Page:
All Current Alerts & Announcements

9.20.23 Public Services is actively picking up storm debris at this time. They are starting in the south end and working north.
8.23.23 The recycle hopper and residential hopper have changed. They are clearly marked and any questions please see attendant.
On July 1, 2022 Transfer Station permits are increasing. $145.00 for a Resident Permit and $20.00 for a Second Sticker.
FALL LEAF AND BRUSH PICK-UP 2023 The Public Services Department will be collecting garden debris/brush and leaves beginning the week of November 6, 2023. The crew will be making just one trip through the City to pick up garden debris/brush, so please have it placed for pick up by 7 AM on Nov. 6, 2023. Pick-up times will be 7 AM to 3 PM on weekdays. GARDEN DEBRIS/BRUSH will be taken if PLACED SEPARATELY from leaves along the edge of the sidewalk/street. PLEASE DO NOT BLOCK THE STREET OR SIDEWALK LEAVES Should be raked into piles along the edge of the sidewalk/street and should be covered with a tarp or weighted material. If you would rather bring your brush and leaves to the transfer station there is no charge for the month of November. Keeping the leaf piles separate from the debris/brush piles helps us to properly recycle these items and makes the process more efficient. Please remember not to block any sidewalks or roadways. If you have any questions, please call Rockland Public Services at 207-594-0320.

Current Weather

  • Preview Screening: Chasing the Moon

    Catch a sneak peek of Chasing the Moon, which will premiere on PBS’ American Experience on July 8. “Chasing the Moon,” a film by Robert Stone, re-imagines the race to the moon for a new generation, upending much of the conventional mythology surrounding the effort. The Library will screen the 38 min. 13 sec. clip “The Giant Leap.” Following the clip, there will be an informal discussion and the opportunity to share moon landing reminiscences.

    In mid-July 1969, crowds flooded Cocoa Beach in anticipation of the historic launch. Camped out along the beach and gathered in cars, spectators endured the blistering heat in anticipation of the impending launch. At the same time, civil rights leader Robert Abernathy led a peaceful protest, criticizing the priorities of the federal government. Then head of NASA Thomas Pain received them warmly, noting, “We would like to see you hitch your wagons to our rockets” in making their concerns heard by a national audience. Pain invited Abernathy to the launch site, and the protesters joined the thousands of Americans gathered to see the Saturn V launch Apollo 11 into the atmosphere.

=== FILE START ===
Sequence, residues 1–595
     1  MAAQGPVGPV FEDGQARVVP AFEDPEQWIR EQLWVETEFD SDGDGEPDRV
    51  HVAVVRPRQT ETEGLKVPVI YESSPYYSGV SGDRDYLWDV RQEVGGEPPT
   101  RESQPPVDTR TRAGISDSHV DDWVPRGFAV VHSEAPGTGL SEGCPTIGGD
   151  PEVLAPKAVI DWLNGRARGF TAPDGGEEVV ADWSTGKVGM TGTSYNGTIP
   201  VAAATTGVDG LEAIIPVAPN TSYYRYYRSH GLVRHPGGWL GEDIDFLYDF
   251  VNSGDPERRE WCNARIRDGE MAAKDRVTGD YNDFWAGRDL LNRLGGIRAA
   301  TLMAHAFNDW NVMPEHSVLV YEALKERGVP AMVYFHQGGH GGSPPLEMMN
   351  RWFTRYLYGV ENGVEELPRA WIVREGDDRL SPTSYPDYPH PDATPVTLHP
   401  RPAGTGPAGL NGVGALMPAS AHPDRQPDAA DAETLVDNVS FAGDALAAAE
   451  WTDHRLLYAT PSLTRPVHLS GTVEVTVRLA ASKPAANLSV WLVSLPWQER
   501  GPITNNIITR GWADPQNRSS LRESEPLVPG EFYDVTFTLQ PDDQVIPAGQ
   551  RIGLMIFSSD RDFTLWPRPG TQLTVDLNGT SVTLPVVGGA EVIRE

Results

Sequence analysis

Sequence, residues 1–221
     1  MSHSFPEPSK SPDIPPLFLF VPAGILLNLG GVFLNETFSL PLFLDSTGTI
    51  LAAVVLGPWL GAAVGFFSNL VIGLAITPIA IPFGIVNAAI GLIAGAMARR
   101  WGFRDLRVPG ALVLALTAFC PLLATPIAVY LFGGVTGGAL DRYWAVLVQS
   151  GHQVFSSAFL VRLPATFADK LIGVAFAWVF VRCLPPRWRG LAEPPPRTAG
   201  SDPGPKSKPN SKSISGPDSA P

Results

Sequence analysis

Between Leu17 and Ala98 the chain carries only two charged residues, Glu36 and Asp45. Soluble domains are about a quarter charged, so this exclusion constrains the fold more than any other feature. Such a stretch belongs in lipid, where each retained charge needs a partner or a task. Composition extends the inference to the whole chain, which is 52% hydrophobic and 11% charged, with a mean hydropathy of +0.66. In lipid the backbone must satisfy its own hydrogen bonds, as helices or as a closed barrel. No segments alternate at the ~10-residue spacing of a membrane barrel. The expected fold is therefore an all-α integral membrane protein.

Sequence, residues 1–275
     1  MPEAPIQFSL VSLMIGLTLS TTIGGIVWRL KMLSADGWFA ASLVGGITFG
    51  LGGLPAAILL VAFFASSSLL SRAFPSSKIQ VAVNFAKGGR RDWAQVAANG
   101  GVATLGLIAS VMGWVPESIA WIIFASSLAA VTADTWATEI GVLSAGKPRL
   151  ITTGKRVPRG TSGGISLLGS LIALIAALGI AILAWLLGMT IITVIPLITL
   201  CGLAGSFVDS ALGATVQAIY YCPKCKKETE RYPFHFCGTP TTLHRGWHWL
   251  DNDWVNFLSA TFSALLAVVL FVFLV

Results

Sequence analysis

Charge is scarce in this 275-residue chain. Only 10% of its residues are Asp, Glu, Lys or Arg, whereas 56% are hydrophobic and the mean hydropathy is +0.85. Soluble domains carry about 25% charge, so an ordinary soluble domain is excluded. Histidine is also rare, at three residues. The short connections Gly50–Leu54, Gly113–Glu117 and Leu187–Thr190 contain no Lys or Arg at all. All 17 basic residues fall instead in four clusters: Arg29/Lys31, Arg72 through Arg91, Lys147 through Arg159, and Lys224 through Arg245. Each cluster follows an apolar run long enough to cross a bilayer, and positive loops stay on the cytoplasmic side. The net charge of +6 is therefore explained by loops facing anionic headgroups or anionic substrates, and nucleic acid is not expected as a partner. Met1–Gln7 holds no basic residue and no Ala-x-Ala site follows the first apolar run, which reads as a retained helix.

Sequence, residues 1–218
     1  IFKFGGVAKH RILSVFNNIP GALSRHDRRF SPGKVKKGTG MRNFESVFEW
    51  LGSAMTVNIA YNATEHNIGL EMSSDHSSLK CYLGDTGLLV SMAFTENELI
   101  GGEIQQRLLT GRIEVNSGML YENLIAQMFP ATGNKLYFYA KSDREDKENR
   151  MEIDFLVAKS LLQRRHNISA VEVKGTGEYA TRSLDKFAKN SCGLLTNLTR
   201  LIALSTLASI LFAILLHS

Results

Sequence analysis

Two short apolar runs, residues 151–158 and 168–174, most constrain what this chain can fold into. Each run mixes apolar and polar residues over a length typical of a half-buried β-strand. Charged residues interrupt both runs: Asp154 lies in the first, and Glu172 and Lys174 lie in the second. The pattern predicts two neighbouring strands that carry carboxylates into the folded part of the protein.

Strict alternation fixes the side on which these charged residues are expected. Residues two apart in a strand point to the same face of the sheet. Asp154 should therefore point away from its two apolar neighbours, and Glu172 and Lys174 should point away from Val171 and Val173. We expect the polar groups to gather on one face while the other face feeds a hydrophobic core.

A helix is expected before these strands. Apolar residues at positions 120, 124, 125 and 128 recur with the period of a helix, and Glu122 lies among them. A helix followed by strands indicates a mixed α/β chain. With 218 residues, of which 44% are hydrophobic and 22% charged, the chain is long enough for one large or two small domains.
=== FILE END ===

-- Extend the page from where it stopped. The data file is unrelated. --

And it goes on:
On July 20, 1969, the biggest television audience in world history tuned in to watch Neil Armstrong walk on the moon’s surface. The relationship between the press, Hollywood, and NASA reached its zenith as broadcasters produced the first truly global live television experience of the landing. CBS News Director Joel Banow recounts how CBS News even hired a Hollywood special effects wiz to create simulations of the journey so that they would have something to televise until Armstrong and Aldrin were actually on the moon.

    Though these first stages of the landing couldn’t be seen live on earth, the Apollo 11 crew proceeded with the difficult undocking and landing maneuvers that should place them safely on the lunar surface. Audiences watched simulations and listened to audio coverage with baited breath as Armstrong delicately maneuvered the lunar module only to discover the landing site was in fact a football-field sized crater, forcing Armstrong to hover the craft and look for a new site with a mere thirty seconds of fuel. At last, audiences heard the triumphant words, “the Eagle has landed.” Mission control responded, “You got a bunch of guys about to turn blue – we’re breathing again.”


    Jun 13 2019


    6:30 pm


    Rockland Public Library - Community Room
    80 Union St, Rockland, ME 04841, USA

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